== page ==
Having trouble getting your breeding pair of cichlids to spawn? Subtle changes in your water may do the trick. Below are five water change strategies that might help.
Whether you’re new to cichlids or a seasoned veteran keeping these wonderful fish, you can always learn something new. A really cool resource for learning about these fish is The Cichlid Room Companion (CRC). Chock full of species profiles and other great information, including authoritative articles, the CRC is a tremendous resource that everyone should take advantage of. Back in 2018, I did an interview with the man responsible for the CRC, Juan Miguel Artigas Azas.
Lot of variables contribute to ideal spawning conditions for cichlids in aquaria. Listing them all is a post for another day. Many aquarists try to identify and exploit certain variables that can increase not just the probability of spawning behavior but also the success of such behavior. Want to get your males more active in spawning? Check your substrate.
A recent study in the journal Animal Welfare found that the sexual behavior of male Oreochromis mossambicus increased in the presence of substrate. Does that translate to all species? No. However, it is food for thought for those who keep cichlids in bare bottom tanks and who have some trouble promoting spawning behavior in MF pairs. Many environmental factors influence spawning behavior, however the simple presence of a substrate (maybe even suitable substrate) can make a difference.
Reference: Galhardo, L., Correia, J., & Oliveira, R. F. (2008). The effect of substrate availability on behavioural and physiological indicators of welfare in the African cichlid (Oreochromis mossambicus). Animal Welfare, 239-254.
If you’re like me and you enjoy learning about all types of cichlids, in the process you’ll inevitably also learn about many people in the hobby. I’ve said before that, as time goes by, all cichlidophiles will encounter certain names over and over, some more than others. Along my journey I have come across many of the same names. One of those is Ron Soucy.
I don’t remember when I first heard his name, but no matter what I was reading – an article online, a book, or a magazine – it seemed his name popped up regularly. In fact, it did so again a couple of months ago. I said to myself then, “You need to track this guy down and get an interview with him.” Well, I did track him down and I did get an interview.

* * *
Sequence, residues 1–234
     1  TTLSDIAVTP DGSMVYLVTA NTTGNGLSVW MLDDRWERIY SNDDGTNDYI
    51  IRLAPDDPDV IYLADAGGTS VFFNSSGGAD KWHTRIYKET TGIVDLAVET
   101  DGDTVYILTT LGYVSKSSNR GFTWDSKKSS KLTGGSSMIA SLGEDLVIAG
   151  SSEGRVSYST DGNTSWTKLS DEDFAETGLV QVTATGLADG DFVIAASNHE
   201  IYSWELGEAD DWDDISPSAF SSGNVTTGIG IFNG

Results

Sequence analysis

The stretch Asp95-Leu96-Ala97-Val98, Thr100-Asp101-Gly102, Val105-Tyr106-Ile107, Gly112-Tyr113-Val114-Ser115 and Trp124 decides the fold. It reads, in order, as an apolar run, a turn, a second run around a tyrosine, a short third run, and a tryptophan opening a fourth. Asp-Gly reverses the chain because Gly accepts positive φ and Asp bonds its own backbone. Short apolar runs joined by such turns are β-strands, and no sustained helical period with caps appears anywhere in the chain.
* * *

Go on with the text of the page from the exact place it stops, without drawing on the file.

Ron’s tropical fish interests began in the 60’s with a single Betta splendens (Siamese fighting fish), or simply betta, as we call them. After high school, he had an entire bedroom full of fish tanks and fish. His fish breeding journey began there and he worked for the next 20 years in aquarium retail. As both his experience and the fish community grew, Ron ran larger and larger fish operations, culminating today in what is one of, if not the largest fish stores in southern California. Let’s get right to the interview!
For those of you who look forward every year to attending the annual convention of the American Cichlid Association (ACA), next year’s convention will be in St. Louis, MO, July 23-25, 2021. This year’s convention, planned for Sacramento, CA, was canceled due to COVID-19. Let’s keep our fingers crossed that 2021 will be much better than 2020 and that the St. Louis event will go off without a hitch.
If you have never attended an ACA convention, I encourage you to do so. Every cichlid fan should experience it!
Registration and pricing information can be found on the convention website (NOTE: As of this post the 2021 convention website was incomplete.)
One of the absolute greatest joys of cichlid keeping is witnessing spawning behavior. Because I have new fish from an order I placed several months ago, I have been anxiously awaiting some pairings and subsequent spawning. All the fish I received were older juveniles or sub-adults, so I knew that pairing up would begin in a few months. You can read about the new fish in this post from back in May.